Taste of Zanzibar is a humble and tiny mom-n-popper, but it offers some of the best values on interesting food around.

Cinnamon, cloves and cardamom are some of the tastes of Zanzibar. Located in the Indian Ocean, the East African islands of Zanzibar are part of the famously exotic Spice Islands. For centuries, traders from India, Europe and the Middle East chased after the highly prized, food-improving spices found along routes that passed through and to Zanzibar.

Closer to home, on an unlovely commercial strip within shouting distance of Easton is Taste of Zanzibar, the restaurant. It's a humble and tiny mom-n-popper, but it offers some of the best values on interesting food around.

Inside, there's not much to look at. Done up in Steelers yellow with black trim, it has a couple of tables covered in ultra-thin, peach-colored plastic. Otherwise, ambience-wise, there's little else besides a unique glassed-in kitchen area. This makes Taste of Zanzibar an excellent takeout option.

Zanzibar's little menu contains a few items that'll look familiar to fans of Indian eateries -biryani, sambusas (samosas) and pilau (pulau). But many of its dishes have less recognizable titles like Mshkaki, Ndizi Mbichi, Katlesi and so on.

In general, all of those aforementioned spices - especially cardamom - find their way into much of Zanzibar's cuisine. Also prevalent are long-cooked onions, tomato sauce and coconut milk. This results in provocatively aromatic food that's both intriguing yet highly approachable.

A great starter, and the best $1.75 you'll spend this week is that Katlesi. With a menu description that doesn't capture its captivating allure, it's a mass of canned tuna and potatoes punched up with cumin, onion and tiny bits of jalapeno fried into a sort of croquette. Believe me, it's much better than it sounds.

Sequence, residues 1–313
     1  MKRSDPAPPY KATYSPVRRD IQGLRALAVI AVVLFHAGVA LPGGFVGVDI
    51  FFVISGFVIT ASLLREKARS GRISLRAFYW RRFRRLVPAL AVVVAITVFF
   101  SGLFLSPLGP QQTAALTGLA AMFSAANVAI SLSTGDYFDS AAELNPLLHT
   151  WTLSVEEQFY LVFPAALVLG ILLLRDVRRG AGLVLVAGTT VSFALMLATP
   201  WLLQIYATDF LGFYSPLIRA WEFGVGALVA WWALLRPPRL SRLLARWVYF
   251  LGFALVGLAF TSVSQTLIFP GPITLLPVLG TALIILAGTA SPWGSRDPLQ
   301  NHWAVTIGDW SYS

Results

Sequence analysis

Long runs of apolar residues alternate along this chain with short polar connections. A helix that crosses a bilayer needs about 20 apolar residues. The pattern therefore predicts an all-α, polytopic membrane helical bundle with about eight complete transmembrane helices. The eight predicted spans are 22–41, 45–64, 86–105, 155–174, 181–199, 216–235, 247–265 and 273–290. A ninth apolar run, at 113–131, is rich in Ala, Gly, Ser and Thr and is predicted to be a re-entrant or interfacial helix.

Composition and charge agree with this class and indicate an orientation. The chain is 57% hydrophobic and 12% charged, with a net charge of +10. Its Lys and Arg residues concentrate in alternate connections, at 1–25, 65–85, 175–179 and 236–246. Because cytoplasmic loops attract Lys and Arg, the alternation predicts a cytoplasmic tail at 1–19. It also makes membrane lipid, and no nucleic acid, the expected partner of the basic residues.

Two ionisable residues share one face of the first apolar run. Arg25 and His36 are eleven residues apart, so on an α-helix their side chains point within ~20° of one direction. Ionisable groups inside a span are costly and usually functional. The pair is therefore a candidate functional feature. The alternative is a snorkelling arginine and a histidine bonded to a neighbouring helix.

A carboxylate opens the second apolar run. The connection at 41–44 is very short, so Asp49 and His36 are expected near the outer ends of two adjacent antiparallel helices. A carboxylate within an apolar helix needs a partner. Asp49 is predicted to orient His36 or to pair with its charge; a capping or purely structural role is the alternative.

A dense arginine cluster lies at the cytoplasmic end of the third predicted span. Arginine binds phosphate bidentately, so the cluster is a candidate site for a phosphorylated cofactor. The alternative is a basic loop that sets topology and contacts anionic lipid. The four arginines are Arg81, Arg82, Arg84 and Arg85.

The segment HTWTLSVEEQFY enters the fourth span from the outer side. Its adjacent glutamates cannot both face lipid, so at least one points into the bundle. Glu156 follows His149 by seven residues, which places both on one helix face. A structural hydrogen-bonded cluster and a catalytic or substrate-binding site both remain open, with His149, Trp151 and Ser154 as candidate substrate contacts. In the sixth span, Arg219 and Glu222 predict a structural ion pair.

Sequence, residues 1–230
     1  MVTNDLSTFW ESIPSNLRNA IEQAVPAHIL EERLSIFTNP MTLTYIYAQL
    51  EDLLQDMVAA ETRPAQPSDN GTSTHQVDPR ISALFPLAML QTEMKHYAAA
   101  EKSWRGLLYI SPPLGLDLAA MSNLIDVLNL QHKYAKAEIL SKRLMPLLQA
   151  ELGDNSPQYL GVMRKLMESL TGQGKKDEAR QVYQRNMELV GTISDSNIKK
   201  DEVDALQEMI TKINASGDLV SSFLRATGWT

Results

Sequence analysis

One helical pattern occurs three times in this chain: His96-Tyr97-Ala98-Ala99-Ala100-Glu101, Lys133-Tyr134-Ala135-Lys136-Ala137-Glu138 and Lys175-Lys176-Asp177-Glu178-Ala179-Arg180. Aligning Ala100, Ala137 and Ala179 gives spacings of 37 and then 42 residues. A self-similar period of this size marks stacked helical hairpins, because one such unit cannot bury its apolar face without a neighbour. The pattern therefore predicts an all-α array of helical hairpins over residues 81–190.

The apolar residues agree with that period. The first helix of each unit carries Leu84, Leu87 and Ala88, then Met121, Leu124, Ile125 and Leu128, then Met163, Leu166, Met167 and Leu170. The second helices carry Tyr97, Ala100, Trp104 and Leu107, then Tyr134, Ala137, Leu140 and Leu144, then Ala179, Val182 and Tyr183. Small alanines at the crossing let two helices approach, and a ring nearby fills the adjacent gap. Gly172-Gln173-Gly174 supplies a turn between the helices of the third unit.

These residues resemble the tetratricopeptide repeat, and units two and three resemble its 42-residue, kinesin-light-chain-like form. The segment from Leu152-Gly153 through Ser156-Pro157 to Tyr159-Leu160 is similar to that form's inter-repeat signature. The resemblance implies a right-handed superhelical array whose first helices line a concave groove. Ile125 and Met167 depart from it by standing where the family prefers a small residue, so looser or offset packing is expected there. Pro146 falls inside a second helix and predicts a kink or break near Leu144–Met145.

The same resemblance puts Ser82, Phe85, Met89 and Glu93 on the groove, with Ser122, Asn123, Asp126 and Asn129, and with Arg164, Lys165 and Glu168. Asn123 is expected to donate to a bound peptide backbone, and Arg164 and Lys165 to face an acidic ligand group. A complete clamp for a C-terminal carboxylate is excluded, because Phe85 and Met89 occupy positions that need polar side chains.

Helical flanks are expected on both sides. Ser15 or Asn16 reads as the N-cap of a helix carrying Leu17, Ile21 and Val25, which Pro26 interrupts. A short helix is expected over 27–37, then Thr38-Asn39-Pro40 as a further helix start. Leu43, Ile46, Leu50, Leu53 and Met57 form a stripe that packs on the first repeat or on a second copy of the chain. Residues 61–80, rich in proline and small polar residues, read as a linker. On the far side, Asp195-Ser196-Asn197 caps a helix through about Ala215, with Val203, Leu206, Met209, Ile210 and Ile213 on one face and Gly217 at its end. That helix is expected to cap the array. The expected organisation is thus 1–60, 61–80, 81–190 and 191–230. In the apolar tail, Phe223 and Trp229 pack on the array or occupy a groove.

Listed as a side dish, the Zanzirosti ($4) was more like a smallish main course. It was a bowl of delicious chicken chunks immersed in a smooth-eating tomato, onion and coconut milk sauce. This was best enjoyed with Zanzibar's delicate, buttery, thin and flaky chapati bread (about a dozen triangles for $2).

Another outrageous deal was the Mshkaki ($4). A huge skewer of large beef chunks, onions and green peppers had a mild marinade and a deep, crusty sear. Though kind of chewy, the meat - served with a perky sort of salsa - delivered a lot of great, homey flavor.

On the "big ticket" side was the wonderful Samaki Kukaanga ($13). A Moby-Dick-sized whole tilapia was expertly deep fried and slathered with a tomato sauce enhanced by diced sweet onions and coconut milk. I loved the tilapia's ungreasy, crackly, dark-brown, fried chicken-like exterior and the way the thickish sauce elevated the fish's tender meat.

Also highly recommended is that Ndizi Mbichi ($9), a weekend-only special. Confusingly called a "banana gratin" on the menu, it's a huge serving of coconut milky, mildly spicy and thoroughly addictive stew made with chopped plantains and super-tender beef cubes.

Zanzibar's generously sized side dishes include mild pinto beans (Maharage) and killer spinach (Mchicha), both with coconut milk and both $3.50. These go great with a rice dish like Pilau ($9).

Frustratingly, sometimes menu items weren't available and the credit card machine was down. But a comforting dessert like the sweetly restrained, cardamom-scented Maandazi (a puffy, dense cross between doughnuts and Parker House rolls, three go for $2.50) eaten with unsweetened cardamom-y Chai tea (just as instructed by the delightful server, a proud ambassador to Zanzibar) quickly melted away those little frustrations.